Northern Ireland was a conflict-stricken domain with violence erupting across the country in clashes between the British Army, the police force, Nationalists, and Unionists, following the north being separated from the south in May 1921, becoming its own country under British rule.

Nationalists, who were generally Catholic, took it upon themselves to fight in order to make Ireland united once again, while the Unionists, generally from a Protestant background, fought against the Nationalists to remain part of the United Kingdom.

Someone had to stop this violence, so thousands of British soldiers were deployed all over the country in an attempt to bring it to an end. However, things took a turn for the worse when it became evident that the British soldiers were siding with the Unionists, causing widespread attacks, protests and anger.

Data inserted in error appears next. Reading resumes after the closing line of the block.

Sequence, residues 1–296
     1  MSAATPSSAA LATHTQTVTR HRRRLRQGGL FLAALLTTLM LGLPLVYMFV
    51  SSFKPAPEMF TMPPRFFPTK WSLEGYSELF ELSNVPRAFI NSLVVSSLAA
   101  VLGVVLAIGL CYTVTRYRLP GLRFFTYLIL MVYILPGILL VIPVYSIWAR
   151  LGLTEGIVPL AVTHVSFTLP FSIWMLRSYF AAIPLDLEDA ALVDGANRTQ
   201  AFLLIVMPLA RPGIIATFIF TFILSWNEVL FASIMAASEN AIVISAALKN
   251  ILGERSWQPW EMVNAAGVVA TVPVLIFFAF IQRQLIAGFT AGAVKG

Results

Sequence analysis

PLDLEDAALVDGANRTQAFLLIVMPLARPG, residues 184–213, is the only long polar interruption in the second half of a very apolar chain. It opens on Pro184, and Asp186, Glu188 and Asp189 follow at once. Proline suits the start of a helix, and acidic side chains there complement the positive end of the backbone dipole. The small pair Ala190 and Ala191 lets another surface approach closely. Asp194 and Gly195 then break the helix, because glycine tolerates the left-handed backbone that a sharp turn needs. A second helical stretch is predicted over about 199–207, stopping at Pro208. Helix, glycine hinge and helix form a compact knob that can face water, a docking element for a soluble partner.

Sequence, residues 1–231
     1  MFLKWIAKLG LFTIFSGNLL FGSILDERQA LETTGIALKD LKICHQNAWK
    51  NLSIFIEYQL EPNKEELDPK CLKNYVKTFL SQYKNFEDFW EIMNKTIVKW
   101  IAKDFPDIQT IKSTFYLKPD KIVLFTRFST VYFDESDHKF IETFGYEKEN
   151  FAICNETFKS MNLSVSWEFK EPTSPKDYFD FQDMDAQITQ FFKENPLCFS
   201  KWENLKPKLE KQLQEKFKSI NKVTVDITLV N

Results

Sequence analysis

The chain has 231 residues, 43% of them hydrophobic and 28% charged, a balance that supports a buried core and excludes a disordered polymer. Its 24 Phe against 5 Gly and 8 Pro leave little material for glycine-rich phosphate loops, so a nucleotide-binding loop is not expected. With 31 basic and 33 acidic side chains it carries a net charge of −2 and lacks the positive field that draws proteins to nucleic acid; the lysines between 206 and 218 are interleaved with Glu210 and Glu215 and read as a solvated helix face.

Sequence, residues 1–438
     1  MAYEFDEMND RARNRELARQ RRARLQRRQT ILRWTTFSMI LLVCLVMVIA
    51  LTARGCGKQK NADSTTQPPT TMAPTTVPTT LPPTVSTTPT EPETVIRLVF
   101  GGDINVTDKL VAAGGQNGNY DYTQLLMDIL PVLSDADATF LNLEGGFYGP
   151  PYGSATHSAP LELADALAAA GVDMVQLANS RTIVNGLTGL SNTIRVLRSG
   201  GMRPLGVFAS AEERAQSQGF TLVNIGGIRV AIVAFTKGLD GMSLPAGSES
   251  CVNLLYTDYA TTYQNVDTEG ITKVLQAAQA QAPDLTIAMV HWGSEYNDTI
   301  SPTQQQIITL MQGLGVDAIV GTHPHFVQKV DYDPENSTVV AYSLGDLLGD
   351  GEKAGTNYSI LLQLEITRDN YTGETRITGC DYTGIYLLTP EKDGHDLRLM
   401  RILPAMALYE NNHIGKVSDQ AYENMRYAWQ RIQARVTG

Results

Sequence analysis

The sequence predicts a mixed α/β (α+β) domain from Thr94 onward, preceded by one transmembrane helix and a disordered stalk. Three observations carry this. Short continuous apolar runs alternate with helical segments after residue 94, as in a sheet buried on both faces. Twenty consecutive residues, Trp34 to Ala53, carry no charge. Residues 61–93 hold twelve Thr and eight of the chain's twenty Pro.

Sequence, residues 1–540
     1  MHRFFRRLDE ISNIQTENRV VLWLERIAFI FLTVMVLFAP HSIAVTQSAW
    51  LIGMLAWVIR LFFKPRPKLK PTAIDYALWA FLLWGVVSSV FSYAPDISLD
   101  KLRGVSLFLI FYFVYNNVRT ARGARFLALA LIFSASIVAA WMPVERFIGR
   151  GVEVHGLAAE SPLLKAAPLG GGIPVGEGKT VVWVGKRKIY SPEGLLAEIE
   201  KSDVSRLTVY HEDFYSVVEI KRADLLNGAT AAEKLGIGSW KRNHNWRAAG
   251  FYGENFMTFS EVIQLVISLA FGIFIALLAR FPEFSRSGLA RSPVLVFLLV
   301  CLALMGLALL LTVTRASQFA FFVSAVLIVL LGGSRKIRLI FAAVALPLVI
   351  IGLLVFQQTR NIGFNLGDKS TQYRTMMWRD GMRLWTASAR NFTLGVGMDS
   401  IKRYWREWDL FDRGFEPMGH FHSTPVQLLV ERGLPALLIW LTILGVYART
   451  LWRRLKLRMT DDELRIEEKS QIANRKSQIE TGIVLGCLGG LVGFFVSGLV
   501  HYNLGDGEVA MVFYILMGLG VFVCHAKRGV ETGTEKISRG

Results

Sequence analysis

These attacks would continue right up until April 10, 1998 when the Good Friday Agreement, saw both sides end ‘The Troubles’ and agree to set up a power-sharing assembly to govern Northern Ireland by cross-community consent.

A number of political parties, organisations and institutions emerged from the conflict in Northern Ireland. One of these happened to be very closely linked to the story of the Magill family, and that is the RUC (The Royal Ulster Constabulary). The RUC was a police force founded in 1922 with the aim to bring peace back to the country.

Over the years of conflict, 319 members of the RUC were killed and almost 9,000 were injured in paramilitary assassinations or attacks, mainly committed by the Provisional Irish Republican Army (IRA). At one point, the RUC was the world’s most dangerous police force to work for.